I spent the week wondering, “What if none of it matters?” which is a scary thought for anyone, and is often discouraged by Christians. But I value every question that my mind wants to ask. If I stuff down questions, especially the weightiest ones, my faith will become superficial. But I’ve been struggling more this week than any I can remember with a desire for sex. Yes I still want to be single, but I’ve been distracted by a desire for intimacy with a girl. I know I couldn’t justify a random hookup with a girl, or a casual encounter with one of my current girlfriends, but my body has been craving it so strongly. I actually want to have a moment of weakness so that I can fulfill these desires, and then deal with the aftermath of my violated conscience later. Because part of me wants to explore that life and see if I can prove everyone wrong, that God doesn’t care if I follow that path. Because maybe none of it matters anyway, right? This is temptation, and the scariest part is the way it has entered my dreams.

Last week I had an intensely vivid dream about kissing a girl that was so real that I can still feel everything I felt in the dream. And the complete implausibility of the situation doesn’t do anything to shake its hold on me. When Satan invades your dreams, he’s out for blood. The scene ran through my head, and really my whole body, nonstop for the next three days, throwing my soul into intense confusion about where my allegiance lies.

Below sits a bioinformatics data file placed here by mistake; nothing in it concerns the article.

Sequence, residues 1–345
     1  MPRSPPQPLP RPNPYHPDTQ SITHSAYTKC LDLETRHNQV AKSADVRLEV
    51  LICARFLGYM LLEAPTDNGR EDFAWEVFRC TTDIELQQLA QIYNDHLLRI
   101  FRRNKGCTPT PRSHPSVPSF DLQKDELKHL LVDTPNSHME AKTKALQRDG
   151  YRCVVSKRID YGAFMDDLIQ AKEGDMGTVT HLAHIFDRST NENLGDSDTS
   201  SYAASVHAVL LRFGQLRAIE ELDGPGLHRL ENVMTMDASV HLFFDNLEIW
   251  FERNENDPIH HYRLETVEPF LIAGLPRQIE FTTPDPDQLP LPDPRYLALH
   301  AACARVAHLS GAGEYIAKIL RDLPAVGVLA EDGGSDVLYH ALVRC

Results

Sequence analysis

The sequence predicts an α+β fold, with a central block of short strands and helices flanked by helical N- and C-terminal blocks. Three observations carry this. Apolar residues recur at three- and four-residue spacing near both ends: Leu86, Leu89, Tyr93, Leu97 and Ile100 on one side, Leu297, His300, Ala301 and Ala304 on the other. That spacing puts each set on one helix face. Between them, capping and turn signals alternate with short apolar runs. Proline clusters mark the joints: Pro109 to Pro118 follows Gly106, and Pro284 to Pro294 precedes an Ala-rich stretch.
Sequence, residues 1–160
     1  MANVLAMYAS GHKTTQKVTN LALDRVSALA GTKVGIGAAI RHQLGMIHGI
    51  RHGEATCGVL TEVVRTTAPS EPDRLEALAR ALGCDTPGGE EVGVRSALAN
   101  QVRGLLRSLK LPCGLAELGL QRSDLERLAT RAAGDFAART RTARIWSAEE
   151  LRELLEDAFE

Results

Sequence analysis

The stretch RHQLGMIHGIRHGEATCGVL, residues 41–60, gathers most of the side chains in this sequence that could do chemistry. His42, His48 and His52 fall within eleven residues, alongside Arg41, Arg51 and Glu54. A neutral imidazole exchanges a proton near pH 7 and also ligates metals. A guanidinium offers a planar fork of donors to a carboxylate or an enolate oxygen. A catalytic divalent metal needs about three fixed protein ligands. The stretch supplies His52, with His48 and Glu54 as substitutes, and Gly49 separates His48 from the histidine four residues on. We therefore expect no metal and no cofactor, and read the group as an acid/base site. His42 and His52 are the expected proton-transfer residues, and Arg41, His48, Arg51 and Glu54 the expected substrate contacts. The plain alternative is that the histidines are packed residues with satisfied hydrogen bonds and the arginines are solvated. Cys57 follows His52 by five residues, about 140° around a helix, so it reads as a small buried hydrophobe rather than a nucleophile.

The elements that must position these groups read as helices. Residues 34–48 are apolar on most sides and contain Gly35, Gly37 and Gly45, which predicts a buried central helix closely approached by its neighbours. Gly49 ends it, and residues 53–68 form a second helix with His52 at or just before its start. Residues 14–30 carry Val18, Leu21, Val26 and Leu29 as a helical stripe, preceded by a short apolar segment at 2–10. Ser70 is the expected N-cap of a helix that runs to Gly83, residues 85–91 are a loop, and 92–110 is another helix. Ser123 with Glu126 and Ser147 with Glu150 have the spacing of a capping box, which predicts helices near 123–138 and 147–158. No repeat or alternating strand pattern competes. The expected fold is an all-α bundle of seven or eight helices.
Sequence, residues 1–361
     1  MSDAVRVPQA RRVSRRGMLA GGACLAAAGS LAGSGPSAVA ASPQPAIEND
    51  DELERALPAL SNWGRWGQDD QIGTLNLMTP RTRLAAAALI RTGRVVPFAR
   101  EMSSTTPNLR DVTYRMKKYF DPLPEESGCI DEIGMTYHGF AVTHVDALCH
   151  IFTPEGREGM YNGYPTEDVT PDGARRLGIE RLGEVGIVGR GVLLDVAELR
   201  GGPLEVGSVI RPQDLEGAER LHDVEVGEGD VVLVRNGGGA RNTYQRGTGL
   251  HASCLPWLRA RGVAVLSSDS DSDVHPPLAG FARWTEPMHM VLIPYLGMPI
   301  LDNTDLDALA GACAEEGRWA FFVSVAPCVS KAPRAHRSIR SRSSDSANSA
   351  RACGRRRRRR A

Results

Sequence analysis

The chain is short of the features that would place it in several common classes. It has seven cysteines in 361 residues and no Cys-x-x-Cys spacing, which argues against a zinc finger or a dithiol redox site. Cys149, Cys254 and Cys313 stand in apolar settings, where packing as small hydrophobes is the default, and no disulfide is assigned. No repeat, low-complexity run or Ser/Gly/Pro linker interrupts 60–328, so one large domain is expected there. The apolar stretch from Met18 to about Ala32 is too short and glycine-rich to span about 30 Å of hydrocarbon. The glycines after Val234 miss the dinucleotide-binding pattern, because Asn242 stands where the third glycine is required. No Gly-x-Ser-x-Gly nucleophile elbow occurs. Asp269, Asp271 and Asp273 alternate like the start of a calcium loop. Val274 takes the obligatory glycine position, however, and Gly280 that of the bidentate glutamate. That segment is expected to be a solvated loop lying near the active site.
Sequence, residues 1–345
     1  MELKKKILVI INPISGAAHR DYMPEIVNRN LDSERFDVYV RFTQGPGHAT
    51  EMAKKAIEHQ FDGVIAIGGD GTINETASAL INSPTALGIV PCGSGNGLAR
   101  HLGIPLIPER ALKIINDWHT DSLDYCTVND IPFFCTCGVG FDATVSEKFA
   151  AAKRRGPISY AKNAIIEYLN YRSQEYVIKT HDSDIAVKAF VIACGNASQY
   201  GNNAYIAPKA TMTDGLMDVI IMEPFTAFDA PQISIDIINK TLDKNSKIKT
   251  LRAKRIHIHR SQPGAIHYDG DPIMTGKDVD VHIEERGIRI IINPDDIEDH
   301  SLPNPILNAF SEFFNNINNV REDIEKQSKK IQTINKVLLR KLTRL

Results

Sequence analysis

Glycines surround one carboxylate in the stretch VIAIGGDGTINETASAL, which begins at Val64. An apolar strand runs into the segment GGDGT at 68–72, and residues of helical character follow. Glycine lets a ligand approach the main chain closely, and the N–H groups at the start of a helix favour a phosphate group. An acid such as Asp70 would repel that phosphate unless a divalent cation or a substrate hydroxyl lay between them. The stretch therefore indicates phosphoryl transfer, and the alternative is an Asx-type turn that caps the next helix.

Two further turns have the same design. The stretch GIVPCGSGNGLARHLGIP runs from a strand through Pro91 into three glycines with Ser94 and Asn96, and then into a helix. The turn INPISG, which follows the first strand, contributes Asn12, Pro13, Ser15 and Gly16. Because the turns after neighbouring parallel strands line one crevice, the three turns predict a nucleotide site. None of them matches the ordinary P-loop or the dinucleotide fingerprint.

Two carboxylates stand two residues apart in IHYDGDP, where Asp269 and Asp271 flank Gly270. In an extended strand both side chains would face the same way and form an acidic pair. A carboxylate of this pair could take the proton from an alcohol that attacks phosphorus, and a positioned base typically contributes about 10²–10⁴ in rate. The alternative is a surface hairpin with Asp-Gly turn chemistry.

Do I follow God or do I follow these deep, controlling, unmet desires? That doesn’t sound like too much of a dilemma when you step back from it. Duh, follow God. But what if the teachings about God’s view of same-sex relationships have been all skewed by sin and prejudice and hatred of anything different, so you’re not even sure what following God looks like in this situation? This next statement will make some people mad, but the thing is, much of the church’s position and attitude toward gay relationships have been so polluted by hate that it’s hard to see any God in them. I’ve struggled with taking a stand on this issue for years now, and I truly do not know what God wants for gay people, but I know it’s not a life of self-loathing, which is a cancer created almost entirely by the doctrine of hatred and exaggeration and misinformation that has been preached from church pulpits and church-backed organizations for decades.